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Friday, Jun. 14, 2013

For father-daughter duo, running is the tie that binds

Special to The Star

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Tom Mitchell won’t unwrap a tie from daughter Payton on Father’s Day this Sunday. Or a grilling accessory, a bottle of cologne or an iTunes gift card.

Rather than receiving material things from his Oak Hill Elementary School fifth-grader, Mitchell will get something he considers priceless: the gift of running.

“It’s something special Payton and I do to bond,” Tom said.

The father-daughter duo started lacing up their running shoes together a couple of years ago — Payton’s is a pair of bright purple and pink Nikes — when they decided it was time to find a way to connect one-on-one outside other family activities.

Tom coaches Payton’s brother, Oak Hill second-grader Thomas, in football, basketball and baseball.

“My wife Chanie and I wanted to figure out something for just me and Payton,” said Tom, a former Kansas State University track team member and regular morning jogger. “So when I asked Payton if she had any ideas there was no hesitation. ‘Let’s run,’ was her answer.”

Now Tom and Payton are a familiar sight in their Johnson County neighborhood, pounding the pavement as they train for a race or run just for fun.

They’ve participated in the Trolley Run in Kansas City twice and the July 4th Lenexa Freedom Run and plan to enter that race again this year.

Payton is a member of the Blue Valley Recreation team for Girls on the Run, a 501(c)(3) non-profit based in North Carolina with a strong chapter in Prairie Village.

“Girls on the Run is a cool after-school program that teaches young girls self-esteem among other core values,” Tom said. “We’ve run a couple of their 5k races together, and it’s been terrific for us both. Payton is on a team of girls that have become her friends.”

Tom and Payton, who were recently hanging out in the family’s sun-drenched kitchen with Chanie and Thomas, were winding down from the morning’s Girls on the Run Spring 5k at Sporting KC.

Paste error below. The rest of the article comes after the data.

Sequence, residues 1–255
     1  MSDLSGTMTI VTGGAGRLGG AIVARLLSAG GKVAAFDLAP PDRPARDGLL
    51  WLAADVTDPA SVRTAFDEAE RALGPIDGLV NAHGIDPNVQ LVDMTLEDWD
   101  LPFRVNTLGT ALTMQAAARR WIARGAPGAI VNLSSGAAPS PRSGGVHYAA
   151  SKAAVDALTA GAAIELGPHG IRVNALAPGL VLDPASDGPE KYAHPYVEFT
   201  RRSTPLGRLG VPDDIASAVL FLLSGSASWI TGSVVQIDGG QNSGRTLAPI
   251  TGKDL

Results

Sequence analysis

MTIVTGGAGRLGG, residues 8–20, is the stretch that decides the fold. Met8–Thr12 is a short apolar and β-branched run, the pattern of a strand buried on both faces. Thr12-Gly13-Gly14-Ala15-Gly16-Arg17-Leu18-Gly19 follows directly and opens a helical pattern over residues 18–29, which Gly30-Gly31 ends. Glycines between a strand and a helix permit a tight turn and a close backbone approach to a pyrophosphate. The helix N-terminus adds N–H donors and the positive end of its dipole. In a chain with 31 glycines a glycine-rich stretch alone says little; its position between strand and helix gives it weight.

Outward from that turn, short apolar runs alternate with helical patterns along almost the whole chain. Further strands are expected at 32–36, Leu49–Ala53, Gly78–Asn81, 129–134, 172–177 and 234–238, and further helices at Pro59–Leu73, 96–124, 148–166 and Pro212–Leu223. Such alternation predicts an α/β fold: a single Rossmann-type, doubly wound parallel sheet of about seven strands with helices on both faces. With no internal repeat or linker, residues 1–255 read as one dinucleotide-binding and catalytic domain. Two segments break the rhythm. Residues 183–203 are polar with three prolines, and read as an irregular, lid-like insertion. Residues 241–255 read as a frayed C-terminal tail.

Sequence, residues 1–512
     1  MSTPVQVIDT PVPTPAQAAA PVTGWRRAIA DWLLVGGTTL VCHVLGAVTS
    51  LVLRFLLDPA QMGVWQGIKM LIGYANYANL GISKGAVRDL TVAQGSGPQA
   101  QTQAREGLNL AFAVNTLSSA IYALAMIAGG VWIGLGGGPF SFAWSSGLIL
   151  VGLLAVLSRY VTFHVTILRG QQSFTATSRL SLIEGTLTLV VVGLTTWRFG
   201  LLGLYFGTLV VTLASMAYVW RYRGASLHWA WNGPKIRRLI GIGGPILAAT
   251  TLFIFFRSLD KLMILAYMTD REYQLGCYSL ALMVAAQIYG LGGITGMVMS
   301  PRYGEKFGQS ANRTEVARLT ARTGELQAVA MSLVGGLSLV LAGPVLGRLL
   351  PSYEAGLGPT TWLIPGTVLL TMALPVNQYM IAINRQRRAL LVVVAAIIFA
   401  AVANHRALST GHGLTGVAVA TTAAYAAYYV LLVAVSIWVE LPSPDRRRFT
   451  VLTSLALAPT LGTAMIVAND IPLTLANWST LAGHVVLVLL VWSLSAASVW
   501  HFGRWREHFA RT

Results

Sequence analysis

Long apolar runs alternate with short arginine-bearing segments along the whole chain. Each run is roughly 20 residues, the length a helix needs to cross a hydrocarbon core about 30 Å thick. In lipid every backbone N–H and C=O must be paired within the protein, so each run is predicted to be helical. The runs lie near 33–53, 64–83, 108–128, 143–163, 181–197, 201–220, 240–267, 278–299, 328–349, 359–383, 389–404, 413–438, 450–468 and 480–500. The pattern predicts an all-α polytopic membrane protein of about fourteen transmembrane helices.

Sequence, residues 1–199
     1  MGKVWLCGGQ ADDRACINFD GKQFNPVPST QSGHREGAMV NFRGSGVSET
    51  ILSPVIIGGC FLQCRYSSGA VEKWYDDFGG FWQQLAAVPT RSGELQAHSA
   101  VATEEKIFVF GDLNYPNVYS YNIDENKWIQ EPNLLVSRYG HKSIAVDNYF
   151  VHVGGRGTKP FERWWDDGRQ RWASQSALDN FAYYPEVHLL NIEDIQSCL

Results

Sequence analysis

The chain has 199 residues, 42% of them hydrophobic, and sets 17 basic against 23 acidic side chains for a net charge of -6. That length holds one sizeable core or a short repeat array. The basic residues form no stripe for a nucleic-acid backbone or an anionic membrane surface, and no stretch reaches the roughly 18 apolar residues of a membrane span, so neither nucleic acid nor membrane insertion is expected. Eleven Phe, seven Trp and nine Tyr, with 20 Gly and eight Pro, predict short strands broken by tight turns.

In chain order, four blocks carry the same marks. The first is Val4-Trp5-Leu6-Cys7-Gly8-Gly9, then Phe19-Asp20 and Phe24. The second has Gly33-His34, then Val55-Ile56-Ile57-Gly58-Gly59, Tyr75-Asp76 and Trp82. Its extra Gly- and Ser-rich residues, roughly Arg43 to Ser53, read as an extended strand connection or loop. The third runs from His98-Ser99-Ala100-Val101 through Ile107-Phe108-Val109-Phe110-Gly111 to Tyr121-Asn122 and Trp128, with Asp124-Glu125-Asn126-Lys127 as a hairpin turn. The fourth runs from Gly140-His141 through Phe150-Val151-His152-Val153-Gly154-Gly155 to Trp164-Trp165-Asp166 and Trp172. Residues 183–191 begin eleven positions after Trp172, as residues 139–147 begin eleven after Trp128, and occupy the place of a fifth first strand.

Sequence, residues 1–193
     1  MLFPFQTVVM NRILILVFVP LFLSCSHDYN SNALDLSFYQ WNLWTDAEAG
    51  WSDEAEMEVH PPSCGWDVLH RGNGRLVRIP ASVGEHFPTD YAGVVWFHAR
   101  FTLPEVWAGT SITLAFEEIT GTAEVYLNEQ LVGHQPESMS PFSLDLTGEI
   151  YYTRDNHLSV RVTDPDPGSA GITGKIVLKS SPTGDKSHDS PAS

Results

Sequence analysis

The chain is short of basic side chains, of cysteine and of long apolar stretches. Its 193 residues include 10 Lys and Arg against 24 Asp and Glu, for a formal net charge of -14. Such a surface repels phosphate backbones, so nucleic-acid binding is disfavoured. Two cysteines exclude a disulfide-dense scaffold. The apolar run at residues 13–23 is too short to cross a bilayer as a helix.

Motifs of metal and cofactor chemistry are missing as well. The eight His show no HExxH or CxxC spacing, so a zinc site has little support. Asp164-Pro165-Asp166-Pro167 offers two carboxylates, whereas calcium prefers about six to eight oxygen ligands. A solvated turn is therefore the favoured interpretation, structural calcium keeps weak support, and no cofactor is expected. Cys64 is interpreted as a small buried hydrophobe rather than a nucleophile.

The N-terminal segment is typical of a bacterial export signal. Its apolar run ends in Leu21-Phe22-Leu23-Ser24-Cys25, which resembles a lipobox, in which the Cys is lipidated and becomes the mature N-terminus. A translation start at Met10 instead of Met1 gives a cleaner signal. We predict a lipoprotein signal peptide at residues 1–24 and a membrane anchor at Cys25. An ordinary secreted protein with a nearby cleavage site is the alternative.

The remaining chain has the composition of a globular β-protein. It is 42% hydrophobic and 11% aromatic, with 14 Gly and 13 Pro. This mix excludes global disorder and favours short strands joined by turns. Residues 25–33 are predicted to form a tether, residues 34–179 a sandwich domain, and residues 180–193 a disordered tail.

“There was a moment during the race when Payton realized she was getting faster in her time,” said Tom. “That was an integral part for her to understand goals and have a sense of accomplishment. It’s an invaluable 30-minute lesson.”

Tom said Payton’s experience in Girls on the Run in addition to running with him is about empowerment.

“There are lessons that can’t be taught in the classroom,” Tom said.

Payton’s blond hair is pulled back with a braided pink, purple and yellow headband she made for the recent race — a solemn ritual she and her fellow Girls on the Run pals call ‘happied hair.’ The gangly 11-year-old wears a cotton candy-pink t-shirt emblazoned with the Girls on the Run logo.

“I love running,” said Payton. “Especially with my dad.”

Chanie said Payton’s grandpa gave her the nickname of “Spider” when she was younger.

“She’s all limbs and runs like a gazelle,” said Chanie. “But at the end of the day, Payton is a girlie-girl. She loves her American Girl dolls and everything pink.”

Tom is certain the miles he and Payton log together represent something far more important than preparing for a race or exercise.

“It’s precious character building for her and relationship strengthening for us,” said Tom, catching a glance of Payton out of the corner of his eye as she pulls the headband from her hair.

Is that a great Father’s Day gift?

“You bet,” Tom said quietly, smiling at Payton. “It’s what every dad hopes for his daughter, that she will grow into a strong, self-assured woman.”

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